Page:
E. coli is routinely used as an indicator of fecal pollution, although some strains are capable of causing diarrhea. E. coli was used as a model organism for this study to assess the possibility that dishcloths used in households could contribute to the occurrence of diarrhea. Dishcloths (n = 424) were collected from five suburbs in Johannesburg (South Africa) as part of a larger Health, Environment & Development (HEAD) study. Results for the total coliforms indicated that on average 81% of the samples analyzed had total coliform counts of more than 1,000 cfu/100 ml per 25 cm2 cloth. The E. coli results indicated that 40% of the samples had culturable E. coli present with 17% of the samples showing the presence of >1,000 cfu/100 ml per 25 cm2 cloth. Except for the samples from Bertrams, all the pathogenic E. coli genes could be detected in various combinations in the different samples. Since all the diarrheagenic E. coli strains detected can be accepted as culturable due to the enrichment step, there is a clear danger of contamination of food and surfaces exposed to the contaminated dishcloths. The results indicated that there is a need for public education regarding hygiene in the households, especially if the same dishcloth is used for various tasks.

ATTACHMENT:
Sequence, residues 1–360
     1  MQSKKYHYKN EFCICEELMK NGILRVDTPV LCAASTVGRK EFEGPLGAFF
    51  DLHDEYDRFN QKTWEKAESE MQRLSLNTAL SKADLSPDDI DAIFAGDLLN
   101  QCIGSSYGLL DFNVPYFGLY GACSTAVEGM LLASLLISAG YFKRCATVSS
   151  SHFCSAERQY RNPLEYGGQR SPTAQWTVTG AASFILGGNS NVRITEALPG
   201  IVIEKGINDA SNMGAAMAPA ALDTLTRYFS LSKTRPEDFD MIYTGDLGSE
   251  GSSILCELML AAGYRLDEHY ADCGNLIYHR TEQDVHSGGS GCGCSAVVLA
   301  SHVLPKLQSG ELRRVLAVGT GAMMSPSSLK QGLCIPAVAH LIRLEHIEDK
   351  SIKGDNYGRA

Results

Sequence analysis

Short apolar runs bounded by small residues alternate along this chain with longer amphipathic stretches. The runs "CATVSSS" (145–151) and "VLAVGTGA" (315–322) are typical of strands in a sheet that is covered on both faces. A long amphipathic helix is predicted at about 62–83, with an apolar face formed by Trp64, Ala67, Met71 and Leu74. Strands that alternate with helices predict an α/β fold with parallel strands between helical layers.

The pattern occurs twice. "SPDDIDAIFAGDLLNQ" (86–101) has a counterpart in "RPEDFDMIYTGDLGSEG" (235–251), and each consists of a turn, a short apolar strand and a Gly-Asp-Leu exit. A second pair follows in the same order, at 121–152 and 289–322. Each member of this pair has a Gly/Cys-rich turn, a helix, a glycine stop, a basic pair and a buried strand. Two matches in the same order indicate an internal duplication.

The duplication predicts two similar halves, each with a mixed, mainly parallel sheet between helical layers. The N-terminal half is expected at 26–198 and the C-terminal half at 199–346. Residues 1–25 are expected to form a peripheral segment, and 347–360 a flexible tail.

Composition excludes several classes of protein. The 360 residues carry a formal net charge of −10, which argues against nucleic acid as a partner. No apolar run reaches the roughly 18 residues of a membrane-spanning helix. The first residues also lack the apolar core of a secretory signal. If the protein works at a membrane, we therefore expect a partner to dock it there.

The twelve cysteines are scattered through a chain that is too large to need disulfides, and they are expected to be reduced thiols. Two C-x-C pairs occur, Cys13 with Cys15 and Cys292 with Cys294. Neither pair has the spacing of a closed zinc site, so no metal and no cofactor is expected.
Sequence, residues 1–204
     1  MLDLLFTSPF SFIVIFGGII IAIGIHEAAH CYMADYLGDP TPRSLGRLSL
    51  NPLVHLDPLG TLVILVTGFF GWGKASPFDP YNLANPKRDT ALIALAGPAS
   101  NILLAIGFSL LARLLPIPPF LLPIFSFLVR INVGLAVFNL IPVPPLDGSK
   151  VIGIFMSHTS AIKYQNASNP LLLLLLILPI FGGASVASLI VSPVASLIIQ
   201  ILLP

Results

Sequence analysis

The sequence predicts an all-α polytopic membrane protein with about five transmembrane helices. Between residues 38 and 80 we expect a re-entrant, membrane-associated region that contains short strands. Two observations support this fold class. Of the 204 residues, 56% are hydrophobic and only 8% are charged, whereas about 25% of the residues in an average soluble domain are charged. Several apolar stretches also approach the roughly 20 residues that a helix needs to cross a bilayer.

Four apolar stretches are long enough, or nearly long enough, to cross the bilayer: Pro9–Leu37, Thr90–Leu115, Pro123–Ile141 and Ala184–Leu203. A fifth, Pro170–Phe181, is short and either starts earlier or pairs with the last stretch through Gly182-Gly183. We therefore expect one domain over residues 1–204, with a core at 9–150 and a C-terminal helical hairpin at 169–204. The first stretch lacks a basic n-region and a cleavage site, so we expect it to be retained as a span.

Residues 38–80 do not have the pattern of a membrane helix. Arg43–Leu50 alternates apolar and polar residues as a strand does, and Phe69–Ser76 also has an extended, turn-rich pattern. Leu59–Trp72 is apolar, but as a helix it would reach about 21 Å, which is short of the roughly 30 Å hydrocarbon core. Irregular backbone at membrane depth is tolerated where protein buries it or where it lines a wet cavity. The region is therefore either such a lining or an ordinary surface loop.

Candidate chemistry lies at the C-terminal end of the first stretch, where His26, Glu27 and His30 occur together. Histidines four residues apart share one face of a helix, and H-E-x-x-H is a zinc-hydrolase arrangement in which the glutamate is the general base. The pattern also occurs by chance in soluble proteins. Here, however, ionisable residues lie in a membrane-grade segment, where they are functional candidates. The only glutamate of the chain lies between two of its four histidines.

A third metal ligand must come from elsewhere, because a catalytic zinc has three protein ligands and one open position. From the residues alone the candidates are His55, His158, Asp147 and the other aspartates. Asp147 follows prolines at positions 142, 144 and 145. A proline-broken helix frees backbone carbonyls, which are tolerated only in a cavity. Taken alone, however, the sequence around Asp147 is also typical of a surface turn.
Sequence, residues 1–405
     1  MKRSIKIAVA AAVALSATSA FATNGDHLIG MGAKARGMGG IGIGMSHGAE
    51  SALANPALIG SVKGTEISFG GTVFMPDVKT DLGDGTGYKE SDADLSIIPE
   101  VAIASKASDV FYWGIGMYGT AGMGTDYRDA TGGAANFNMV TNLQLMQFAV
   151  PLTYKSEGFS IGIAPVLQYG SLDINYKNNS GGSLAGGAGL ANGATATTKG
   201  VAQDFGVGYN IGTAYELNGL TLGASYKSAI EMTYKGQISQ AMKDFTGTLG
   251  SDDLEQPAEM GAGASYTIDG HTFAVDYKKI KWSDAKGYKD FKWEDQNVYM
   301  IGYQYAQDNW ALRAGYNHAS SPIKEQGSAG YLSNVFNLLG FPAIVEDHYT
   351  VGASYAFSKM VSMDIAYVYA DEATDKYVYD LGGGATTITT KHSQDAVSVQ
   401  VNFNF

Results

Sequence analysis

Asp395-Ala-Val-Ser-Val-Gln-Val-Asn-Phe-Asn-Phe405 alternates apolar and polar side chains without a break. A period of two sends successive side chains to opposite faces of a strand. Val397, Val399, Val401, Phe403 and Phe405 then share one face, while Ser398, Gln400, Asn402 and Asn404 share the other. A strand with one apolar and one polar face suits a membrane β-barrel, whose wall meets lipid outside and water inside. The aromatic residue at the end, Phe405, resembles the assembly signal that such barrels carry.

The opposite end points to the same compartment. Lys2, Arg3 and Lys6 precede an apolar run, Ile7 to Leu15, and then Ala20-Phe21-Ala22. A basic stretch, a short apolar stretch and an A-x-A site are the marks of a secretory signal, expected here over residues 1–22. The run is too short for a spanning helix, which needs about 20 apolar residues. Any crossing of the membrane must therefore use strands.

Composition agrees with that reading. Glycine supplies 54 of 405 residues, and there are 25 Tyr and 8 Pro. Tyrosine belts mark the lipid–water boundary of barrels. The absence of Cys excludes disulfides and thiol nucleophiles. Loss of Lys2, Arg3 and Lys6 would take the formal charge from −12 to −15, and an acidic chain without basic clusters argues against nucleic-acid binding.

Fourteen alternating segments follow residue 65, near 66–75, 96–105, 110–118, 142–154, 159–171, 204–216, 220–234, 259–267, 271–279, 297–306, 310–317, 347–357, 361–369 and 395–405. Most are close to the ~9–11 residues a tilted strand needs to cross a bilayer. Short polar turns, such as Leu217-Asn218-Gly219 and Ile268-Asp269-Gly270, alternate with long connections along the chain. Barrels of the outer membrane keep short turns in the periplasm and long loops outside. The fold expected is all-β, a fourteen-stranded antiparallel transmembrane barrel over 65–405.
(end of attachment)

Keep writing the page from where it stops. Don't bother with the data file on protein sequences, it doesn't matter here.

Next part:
E. coli from dishcloths as an indicator of hygienic status in households
V. Keshav, C. A. Kruger, A. Mathee, N. Naicker, A. Swart, T. G. Barnard; E. coli from dishcloths as an indicator of hygienic status in households. Journal of Water, Sanitation and Hygiene for Development 1 September 2015; 5 (3): 351–358. doi: https://doi.org/10.2166/washdev.2015.119
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